TOTE’s first Orca-class vessel, the M.V. Midnight Sun, sails out of San Diego Harbor to conduct a series of successful sea trials in March 2003.
General Dynamics NASSCO shipyard in San Diego said Monday that it has finalized a contract with Totem Ocean Trailer Express (TOTE) to design the conversion of the company’s two existing Orca Class diesel-electric trailerships to liquefied natural gas (LNG) propulsion, further expanding the company’s appetite for LNG-power and ahead-of-the-curve environmental performance.
In December, TOTE ordered two of the world’s first LNG-powered containerships from NASSCO. News of the ORCA-class conversion project first came in August 2012 when TOTE announced that it received a permit providing a conditional waiver from the current Emissions Control Area (ECA) fuel sulfur content requirements of MARPOL Annex VI regulation 14.4 while the company pursued the conversion.
“We are very excited to be engaged in another LNG project with TOTE,” said Fred Harris, president of General Dynamics NASSCO. “This project provides yet another sign that we are in the dawn of a new era of LNG propulsion. NASSCO will be a leader in the design, construction and conversion of ships to take advantage of the economic and environmental benefits of LNG.”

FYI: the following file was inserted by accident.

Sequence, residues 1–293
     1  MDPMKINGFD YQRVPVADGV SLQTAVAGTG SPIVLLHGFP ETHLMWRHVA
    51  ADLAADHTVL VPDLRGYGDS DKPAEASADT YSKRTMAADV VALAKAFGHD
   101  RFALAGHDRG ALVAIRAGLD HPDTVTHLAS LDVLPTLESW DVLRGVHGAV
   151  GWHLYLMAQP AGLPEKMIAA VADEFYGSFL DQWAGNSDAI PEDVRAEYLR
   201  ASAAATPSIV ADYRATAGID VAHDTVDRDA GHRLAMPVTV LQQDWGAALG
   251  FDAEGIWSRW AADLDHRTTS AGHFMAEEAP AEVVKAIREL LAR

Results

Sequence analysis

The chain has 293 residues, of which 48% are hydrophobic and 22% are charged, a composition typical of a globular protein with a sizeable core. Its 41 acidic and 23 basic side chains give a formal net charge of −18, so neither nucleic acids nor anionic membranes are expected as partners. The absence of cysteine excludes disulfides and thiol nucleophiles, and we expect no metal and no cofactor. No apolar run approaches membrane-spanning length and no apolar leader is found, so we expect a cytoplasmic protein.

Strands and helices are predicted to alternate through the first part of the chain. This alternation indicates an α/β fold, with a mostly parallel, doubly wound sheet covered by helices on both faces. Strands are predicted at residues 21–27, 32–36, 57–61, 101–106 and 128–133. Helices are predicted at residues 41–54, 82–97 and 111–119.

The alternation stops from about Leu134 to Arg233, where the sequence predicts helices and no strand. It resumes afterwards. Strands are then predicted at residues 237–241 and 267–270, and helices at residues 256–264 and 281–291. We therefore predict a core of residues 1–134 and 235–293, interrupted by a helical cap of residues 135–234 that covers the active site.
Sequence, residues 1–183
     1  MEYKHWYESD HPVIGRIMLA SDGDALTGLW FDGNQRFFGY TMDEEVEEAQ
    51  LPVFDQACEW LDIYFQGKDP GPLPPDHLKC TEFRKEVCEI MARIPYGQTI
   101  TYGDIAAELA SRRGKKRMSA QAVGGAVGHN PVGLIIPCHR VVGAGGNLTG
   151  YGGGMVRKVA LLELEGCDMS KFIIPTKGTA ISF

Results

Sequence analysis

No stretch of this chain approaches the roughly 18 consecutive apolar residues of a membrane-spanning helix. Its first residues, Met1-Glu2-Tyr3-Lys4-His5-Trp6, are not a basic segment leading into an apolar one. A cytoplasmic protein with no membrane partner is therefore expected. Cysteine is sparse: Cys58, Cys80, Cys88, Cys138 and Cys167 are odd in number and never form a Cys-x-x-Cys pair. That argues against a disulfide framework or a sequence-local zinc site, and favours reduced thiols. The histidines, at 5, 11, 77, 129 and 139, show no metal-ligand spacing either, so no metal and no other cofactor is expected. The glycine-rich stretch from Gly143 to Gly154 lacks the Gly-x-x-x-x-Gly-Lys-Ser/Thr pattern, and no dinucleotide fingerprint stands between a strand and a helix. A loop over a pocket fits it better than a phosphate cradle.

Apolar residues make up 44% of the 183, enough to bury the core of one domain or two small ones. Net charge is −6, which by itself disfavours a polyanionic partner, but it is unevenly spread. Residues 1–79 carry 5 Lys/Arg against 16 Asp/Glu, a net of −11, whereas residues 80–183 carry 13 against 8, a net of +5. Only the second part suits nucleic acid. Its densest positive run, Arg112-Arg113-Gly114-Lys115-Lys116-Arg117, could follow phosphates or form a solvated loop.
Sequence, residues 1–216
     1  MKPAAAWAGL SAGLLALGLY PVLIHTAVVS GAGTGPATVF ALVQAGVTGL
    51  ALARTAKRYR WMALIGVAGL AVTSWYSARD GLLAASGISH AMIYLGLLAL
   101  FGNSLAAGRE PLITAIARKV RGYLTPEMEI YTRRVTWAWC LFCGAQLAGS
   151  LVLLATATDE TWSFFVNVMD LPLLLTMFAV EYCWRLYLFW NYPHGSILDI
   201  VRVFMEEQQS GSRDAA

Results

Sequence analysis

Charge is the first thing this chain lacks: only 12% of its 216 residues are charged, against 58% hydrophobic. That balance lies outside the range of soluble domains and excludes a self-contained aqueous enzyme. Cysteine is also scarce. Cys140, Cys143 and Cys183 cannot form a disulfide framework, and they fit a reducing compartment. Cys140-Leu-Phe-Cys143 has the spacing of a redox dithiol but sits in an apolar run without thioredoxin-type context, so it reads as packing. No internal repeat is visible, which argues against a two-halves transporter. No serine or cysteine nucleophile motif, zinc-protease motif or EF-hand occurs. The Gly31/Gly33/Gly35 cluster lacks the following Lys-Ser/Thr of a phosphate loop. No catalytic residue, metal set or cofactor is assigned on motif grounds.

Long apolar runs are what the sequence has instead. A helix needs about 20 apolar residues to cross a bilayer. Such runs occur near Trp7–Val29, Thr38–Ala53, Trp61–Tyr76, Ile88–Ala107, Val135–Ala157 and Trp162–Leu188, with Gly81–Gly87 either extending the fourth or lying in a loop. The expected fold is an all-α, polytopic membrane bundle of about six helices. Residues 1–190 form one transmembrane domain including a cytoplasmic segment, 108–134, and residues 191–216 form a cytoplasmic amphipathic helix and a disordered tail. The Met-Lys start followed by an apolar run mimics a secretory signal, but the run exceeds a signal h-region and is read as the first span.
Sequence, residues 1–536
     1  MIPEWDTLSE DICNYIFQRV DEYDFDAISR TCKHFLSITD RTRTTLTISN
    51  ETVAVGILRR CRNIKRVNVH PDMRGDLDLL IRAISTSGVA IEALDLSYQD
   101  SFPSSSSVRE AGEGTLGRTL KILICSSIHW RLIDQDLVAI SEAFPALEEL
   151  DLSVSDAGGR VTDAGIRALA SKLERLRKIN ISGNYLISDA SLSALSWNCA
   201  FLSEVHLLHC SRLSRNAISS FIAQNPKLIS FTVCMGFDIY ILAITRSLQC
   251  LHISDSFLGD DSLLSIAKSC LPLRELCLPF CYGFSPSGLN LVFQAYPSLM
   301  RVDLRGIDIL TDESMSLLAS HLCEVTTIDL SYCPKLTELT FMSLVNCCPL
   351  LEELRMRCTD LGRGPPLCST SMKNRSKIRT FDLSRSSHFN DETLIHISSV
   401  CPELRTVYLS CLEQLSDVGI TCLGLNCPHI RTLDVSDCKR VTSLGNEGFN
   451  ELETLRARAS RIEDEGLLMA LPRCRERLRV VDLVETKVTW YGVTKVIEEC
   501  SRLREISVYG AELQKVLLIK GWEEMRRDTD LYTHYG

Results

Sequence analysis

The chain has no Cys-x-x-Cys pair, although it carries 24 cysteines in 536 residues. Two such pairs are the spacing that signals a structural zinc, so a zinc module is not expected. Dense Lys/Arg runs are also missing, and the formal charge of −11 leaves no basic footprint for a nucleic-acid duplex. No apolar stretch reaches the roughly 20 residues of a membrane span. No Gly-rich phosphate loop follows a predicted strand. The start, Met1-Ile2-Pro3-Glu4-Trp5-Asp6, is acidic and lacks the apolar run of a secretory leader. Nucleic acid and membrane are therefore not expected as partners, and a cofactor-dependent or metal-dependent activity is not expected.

Conversion of the ships to LNG propulsion are expected to significantly reduce or nearly eliminate the sulfur oxides, nitrogen oxides, carbon dioxide (SOx, NOx, and CO2) and particulate matter from ship emissions when compared to traditional diesel fuel.
The 839-foot Orca Class ships, which operate between Tacoma, Wash., and Anchorage, Alaska, were designed and built by NASSCO. Both ships were delivered in 2003.
NASSCO says that the TOTE conversion and new-construction projects validate the company’s reputation as one of the United States’ leading shipyards for commercial and government new construction. The projects add to the engineering and construction capabilities the shipbuilder offers customers and leverages its design/procurement partnership with Daewoo Ship Engineering Company (DSEC), as well as its recent investments in people, facilities and equipment.
So far no timeline has been given on the conversion project.
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